void (Menu::* pFunction)(MenuContext&); // Function pointer
    (pThis->*pFunction)(...);
    Quote Originally Posted by Adak View Post
    io.h certainly IS included in some modern compilers. It is no longer part of the standard for C, but it is nevertheless, included in the very latest Pelles C versions.
    Quote Originally Posted by Salem View Post
    You mean it's included as a crutch to help ancient programmers limp along without them having to relearn too much.

    Outside of your DOS world, your header file is meaningless.
    For information on how to enable C++11 on your compiler, look here.
    よく聞くがいい!私は天才だからね! ^_^

  10. #10
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    Quote Originally Posted by Elysia View Post
    Yes, because you're doing it wrong.
    Instead of doing &TitleDescription, instead type &Menu::TitleDescription as it says.
    Then also make the functions take an extra argument, which will be the address of the class (the instance of the Menu class, typically you'll want to pass the this pointer in this case).

    The type of the function pointer should be
    void (Menu::*)(MenuContext&);

    To call the function, you could do
    Menu* pThis; // Address of the class instance
    void (Menu::* pFunction)(MenuContext&); // Function pointer
    (pThis->*pFunction)(...);
    This is currently the class which handles the typedef of the function pointer
    Code:
    #ifndef MENUCONTEXT_H
    #define MENUCONTEXT_H
    
    // Class MenuContext
    class MenuContext 
    {
    public:
    	bool fquit;
    	MenuContext() : fquit(false) {}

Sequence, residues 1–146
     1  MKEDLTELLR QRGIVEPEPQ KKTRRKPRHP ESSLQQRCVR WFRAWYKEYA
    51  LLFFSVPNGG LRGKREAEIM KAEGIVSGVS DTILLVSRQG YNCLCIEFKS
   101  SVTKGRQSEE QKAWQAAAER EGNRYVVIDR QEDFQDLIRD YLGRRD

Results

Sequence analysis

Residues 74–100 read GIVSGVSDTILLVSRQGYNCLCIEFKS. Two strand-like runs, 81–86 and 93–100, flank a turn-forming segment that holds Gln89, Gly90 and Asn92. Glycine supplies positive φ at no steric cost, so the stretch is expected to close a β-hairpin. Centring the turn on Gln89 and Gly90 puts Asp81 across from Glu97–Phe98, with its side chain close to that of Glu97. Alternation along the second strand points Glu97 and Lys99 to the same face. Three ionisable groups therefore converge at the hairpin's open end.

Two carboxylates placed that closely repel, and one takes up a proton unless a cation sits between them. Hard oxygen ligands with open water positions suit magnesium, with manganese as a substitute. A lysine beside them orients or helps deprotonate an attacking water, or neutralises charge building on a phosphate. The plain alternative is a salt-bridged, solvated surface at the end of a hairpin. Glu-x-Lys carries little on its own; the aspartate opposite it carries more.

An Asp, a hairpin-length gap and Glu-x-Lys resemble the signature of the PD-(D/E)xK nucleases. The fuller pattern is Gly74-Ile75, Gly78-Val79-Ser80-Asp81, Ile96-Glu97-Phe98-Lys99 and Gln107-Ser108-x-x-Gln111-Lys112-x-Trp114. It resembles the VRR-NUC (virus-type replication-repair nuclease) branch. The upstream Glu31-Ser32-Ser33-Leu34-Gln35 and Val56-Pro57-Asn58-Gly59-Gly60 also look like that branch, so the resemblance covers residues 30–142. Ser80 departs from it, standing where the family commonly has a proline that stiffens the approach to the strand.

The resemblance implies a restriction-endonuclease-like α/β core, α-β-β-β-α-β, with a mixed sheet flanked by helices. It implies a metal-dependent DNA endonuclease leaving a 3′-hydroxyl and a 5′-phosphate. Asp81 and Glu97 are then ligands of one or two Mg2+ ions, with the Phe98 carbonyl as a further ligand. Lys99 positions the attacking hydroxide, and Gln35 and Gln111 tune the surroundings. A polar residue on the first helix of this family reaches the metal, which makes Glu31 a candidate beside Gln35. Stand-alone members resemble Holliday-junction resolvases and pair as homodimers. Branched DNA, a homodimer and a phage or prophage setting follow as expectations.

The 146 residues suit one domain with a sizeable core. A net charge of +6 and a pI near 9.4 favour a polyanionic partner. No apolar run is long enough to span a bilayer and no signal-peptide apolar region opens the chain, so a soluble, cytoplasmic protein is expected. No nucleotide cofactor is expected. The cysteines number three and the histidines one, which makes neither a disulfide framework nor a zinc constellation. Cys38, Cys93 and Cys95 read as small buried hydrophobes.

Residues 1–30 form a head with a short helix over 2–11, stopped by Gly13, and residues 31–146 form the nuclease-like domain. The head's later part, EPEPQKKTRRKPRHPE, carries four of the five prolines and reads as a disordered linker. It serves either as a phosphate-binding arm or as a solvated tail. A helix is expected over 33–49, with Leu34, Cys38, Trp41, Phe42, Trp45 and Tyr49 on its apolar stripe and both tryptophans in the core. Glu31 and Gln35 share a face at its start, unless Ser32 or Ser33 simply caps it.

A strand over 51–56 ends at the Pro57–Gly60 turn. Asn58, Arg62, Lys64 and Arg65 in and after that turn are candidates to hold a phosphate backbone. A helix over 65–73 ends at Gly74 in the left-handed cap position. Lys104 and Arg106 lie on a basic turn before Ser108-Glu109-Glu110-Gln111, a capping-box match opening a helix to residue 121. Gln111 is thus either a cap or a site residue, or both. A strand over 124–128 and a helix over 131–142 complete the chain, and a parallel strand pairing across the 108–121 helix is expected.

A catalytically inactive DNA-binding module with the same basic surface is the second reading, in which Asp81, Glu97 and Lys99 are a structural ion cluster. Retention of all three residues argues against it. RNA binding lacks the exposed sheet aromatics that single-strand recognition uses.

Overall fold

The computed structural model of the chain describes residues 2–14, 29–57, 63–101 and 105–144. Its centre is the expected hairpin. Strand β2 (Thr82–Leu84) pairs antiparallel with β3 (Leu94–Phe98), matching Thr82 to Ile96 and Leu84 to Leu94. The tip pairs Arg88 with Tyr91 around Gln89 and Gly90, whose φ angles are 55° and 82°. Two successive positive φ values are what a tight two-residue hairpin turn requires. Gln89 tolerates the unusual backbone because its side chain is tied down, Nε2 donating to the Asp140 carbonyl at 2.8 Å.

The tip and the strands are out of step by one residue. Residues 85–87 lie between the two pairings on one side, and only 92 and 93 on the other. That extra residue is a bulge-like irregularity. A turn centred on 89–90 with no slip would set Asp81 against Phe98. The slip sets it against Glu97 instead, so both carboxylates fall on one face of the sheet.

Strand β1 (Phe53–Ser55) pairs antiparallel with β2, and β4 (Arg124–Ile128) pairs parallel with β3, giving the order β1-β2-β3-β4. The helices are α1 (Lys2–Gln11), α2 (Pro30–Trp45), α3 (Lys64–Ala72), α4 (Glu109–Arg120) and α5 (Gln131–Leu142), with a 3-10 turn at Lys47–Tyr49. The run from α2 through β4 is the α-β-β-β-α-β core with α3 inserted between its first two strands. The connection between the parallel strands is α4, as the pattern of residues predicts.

~MenuContext() {};
    };
    typedef void (*MenuFunc)(MenuContext &ctxt);
    
    #endif
    should i change the above to
    Code:
    typedef void (*MenuFunc) (Menu::* pFunction)(MenuContext&); // Function pointer

  11. #11
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    Quote Originally Posted by Elysia View Post
    Yes, because you're doing it wrong.
    Instead of doing &TitleDescription, instead type &Menu::TitleDescription as it says.
    Then also make the functions take an extra argument, which will be the address of the class (the instance of the Menu class, typically you'll want to pass the this pointer in this case).

    The type of the function pointer should be
    void (Menu::*)(MenuContext&);

    To call the function, you could do
    Menu* pThis; // Address of the class instance
    void (Menu::* pFunction)(MenuContext&); // Function pointer
    (pThis->*pFunction)(...);
    Manage to solve it as you suggested... Without using mencontext though
    Code:
    		itemIterator iter=items.begin();
    
    		// Find the matching Menu choice
    		for (; iter != items.end(); ++iter) 
    		{
    			if (iter->choice == c) 
    			{
    				Func f = iter->func;
    				(this->*f)();
    				return;
    			}
    		}